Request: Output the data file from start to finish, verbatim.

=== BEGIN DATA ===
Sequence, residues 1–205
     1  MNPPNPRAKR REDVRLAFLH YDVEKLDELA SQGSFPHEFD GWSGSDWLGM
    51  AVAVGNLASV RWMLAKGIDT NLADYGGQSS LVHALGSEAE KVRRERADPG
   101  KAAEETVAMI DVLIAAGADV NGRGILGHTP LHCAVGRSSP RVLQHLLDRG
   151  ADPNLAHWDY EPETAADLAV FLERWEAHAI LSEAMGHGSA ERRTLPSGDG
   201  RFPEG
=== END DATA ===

Sequence, residues 1–205
     1  MNPPNPRAKR REDVRLAFLH YDVEKLDELA SQGSFPHEFD GWSGSDWLGM
    51  AVAVGNLASV RWMLAKGIDT NLADYGGQSS LVHALGSEAE KVRRERADPG
   101  KAAEETVAMI DVLIAAGADV NGRGILGHTP LHCAVGRSSP RVLQHLLDRG
   151  ADPNLAHWDY EPETAADLAV FLERWEAHAI LSEAMGHGSA ERRTLPSGDG
   201  RFPEG